Friday, March 30, 2012

What's It All About, Alphie?

What’s It All About, Alphie?
P. Schultz
March 30, 2012

            I have been bothered by the question: Why can’t Obama [and others] see that it is time to get out of Afghanistan? Answer: Because it isn’t about Afghanistan. Similarly, it was obvious that the Bush Administration changed its rationale for invading and occupying Iraq rather shamelessly. Why or how could it do this? Well, because that invasion and occupation was not about Iraq. And going back to an earlier time, why didn’t LBJ [and others] pull out of Vietnam when they knew “defeat” was almost guaranteed? Because it was not about Vietnam.[1] Nor was it about “winning” in Vietnam, just as it was not about “winning” in Iraq and is not about “winning” in Afghanistan.

            It is often said, and I have often said, that Bush was playing “hardball” in Iraq as he and his cohorts were trying to remake the Middle East, to create a “new order” there, one that would be “democratic” and Israel friendly. Well, now I think this is about half right. Bush was trying to create “a new order” only that “new order” was not to be located in Iraq but here in the United States. And this was and is what the “war on terror” is all about as well. It is said, often, that war cannot be waged on a “strategy” like “terrorism” and, once said, this is so obvious as to be undeniable. Why does it not deter our policy makers? Because the war on terror is not a war on terror but rather is a war directed at us. Bush and his cohorts, and even the Democrats, used the war on terror and the alleged “existential” threat of terrorism to try to remake our own political order, to impose on us policies that could never gain the acceptance of the American people except as responses to this “existential threat.” This is what our politicians do all the time: They create situations, presented to us as “crises” that have arisen over the course of time and despite efforts to deflect them, which call for certain measures which under any other circumstances would be rejected outright by the American people.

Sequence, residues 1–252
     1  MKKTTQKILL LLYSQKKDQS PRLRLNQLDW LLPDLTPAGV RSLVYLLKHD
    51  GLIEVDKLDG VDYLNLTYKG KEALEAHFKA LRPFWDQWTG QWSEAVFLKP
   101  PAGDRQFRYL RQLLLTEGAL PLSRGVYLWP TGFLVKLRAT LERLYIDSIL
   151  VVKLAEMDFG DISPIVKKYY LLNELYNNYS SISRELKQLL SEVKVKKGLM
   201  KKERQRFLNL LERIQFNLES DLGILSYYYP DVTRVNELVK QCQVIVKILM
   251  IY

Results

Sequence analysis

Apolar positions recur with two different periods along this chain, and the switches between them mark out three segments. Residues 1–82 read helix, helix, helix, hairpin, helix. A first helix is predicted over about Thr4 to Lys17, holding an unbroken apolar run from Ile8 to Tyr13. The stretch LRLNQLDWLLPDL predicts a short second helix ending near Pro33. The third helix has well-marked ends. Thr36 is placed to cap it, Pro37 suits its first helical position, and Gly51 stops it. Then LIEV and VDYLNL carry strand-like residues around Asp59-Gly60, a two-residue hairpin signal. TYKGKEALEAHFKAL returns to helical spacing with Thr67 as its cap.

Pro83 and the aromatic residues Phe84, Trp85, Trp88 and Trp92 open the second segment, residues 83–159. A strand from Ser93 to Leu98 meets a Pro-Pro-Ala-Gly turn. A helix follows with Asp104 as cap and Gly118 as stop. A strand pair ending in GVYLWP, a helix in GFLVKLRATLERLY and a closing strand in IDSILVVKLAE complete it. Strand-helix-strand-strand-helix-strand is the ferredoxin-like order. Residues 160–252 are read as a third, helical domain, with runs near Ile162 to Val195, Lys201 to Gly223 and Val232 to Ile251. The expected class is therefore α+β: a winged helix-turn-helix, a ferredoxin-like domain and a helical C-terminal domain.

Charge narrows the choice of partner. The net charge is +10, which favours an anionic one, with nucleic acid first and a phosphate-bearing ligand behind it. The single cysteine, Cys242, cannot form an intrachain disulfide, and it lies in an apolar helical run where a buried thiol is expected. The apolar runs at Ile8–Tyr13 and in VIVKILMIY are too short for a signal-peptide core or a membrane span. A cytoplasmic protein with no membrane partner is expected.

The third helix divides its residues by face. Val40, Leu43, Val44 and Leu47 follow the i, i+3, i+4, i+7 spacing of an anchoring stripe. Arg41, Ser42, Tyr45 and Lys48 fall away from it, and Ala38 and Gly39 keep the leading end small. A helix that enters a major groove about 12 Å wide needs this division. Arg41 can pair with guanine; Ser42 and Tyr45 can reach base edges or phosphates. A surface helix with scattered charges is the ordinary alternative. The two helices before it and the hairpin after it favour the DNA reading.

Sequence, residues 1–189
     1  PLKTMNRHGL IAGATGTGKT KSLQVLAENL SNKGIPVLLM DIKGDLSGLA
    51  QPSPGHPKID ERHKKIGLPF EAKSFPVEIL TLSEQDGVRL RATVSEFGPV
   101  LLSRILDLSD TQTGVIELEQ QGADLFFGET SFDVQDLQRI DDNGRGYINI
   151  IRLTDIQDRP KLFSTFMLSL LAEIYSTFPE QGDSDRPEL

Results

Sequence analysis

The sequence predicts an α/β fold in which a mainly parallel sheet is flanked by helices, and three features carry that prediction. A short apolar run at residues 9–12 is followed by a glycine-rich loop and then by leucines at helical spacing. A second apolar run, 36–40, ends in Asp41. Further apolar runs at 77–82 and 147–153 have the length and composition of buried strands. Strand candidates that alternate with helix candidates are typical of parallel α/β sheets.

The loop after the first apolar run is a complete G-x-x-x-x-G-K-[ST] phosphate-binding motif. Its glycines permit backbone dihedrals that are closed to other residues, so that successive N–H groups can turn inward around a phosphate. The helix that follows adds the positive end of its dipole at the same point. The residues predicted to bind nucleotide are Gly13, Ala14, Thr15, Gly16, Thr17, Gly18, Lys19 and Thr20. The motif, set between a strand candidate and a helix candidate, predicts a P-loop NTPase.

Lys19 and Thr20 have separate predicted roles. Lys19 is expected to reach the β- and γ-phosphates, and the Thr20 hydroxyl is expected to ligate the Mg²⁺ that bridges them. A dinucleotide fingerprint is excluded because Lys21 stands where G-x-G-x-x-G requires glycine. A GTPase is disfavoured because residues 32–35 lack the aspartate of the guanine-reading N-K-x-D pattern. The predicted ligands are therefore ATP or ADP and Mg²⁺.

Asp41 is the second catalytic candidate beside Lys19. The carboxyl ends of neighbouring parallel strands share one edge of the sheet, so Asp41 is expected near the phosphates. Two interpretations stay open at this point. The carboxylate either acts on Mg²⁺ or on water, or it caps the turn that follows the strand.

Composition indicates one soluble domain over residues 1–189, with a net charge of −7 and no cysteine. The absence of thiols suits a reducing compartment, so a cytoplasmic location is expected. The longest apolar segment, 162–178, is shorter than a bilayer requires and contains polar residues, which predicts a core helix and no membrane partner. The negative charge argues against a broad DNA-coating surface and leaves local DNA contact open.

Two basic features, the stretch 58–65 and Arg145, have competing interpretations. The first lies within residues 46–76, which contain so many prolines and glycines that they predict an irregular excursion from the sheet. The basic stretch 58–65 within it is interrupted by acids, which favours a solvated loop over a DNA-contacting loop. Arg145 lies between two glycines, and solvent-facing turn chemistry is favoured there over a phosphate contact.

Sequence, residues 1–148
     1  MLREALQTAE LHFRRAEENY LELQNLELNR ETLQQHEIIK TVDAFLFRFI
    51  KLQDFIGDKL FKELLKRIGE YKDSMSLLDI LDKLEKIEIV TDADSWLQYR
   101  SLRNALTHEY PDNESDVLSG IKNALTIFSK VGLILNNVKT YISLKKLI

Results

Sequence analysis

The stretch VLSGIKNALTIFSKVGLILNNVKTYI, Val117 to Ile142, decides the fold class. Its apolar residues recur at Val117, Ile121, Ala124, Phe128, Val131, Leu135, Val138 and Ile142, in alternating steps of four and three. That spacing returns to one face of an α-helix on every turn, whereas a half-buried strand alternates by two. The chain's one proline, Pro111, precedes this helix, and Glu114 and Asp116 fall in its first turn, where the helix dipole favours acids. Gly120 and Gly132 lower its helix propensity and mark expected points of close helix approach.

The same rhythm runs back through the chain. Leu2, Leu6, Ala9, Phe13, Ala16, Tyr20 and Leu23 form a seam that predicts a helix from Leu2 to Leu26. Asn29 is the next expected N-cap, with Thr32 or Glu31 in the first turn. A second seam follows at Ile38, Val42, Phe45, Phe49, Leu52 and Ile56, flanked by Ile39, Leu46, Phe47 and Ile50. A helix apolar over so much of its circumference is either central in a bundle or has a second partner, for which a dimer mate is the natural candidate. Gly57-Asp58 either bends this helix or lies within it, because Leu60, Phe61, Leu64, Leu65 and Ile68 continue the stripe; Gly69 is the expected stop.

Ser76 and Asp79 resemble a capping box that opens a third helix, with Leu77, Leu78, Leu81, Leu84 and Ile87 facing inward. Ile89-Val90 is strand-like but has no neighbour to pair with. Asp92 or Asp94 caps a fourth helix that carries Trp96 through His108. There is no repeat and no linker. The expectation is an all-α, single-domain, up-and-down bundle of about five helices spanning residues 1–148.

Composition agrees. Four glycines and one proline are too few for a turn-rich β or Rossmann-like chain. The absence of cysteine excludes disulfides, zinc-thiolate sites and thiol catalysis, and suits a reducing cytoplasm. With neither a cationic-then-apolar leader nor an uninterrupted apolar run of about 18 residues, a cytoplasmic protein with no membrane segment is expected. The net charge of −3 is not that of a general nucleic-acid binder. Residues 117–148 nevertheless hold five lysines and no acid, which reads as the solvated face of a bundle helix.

[1] That the Vietnam War was not about Vietnam is supported by the phrase “the Vietnam syndrome,” which President Bush I said had been dealt with by Desert Storm. Obviously, this “syndrome” did not have anything to do with Vietnam but had everything to do with the American people. Our “defeat” in Vietnam was not all that important to our politicians, Republican or Democrat. What mattered was that the American people (a) resisted the “government” and rejected its war and (b) threatened to reject the “activist, interventionist foreign policy” that underlay the power of our “power elite,” whom we the people needed to wield power to live safely in this dangerous world. People constantly say that LBJ had to let the generals fight in Vietnam in order to get his “Great Society” without realizing that (a) the generals were not all than enthused by a land war in Asia and (b) that the war was part and parcel of the “Great Society,” just as WWII was part and parcel of FDR’s New Deal.

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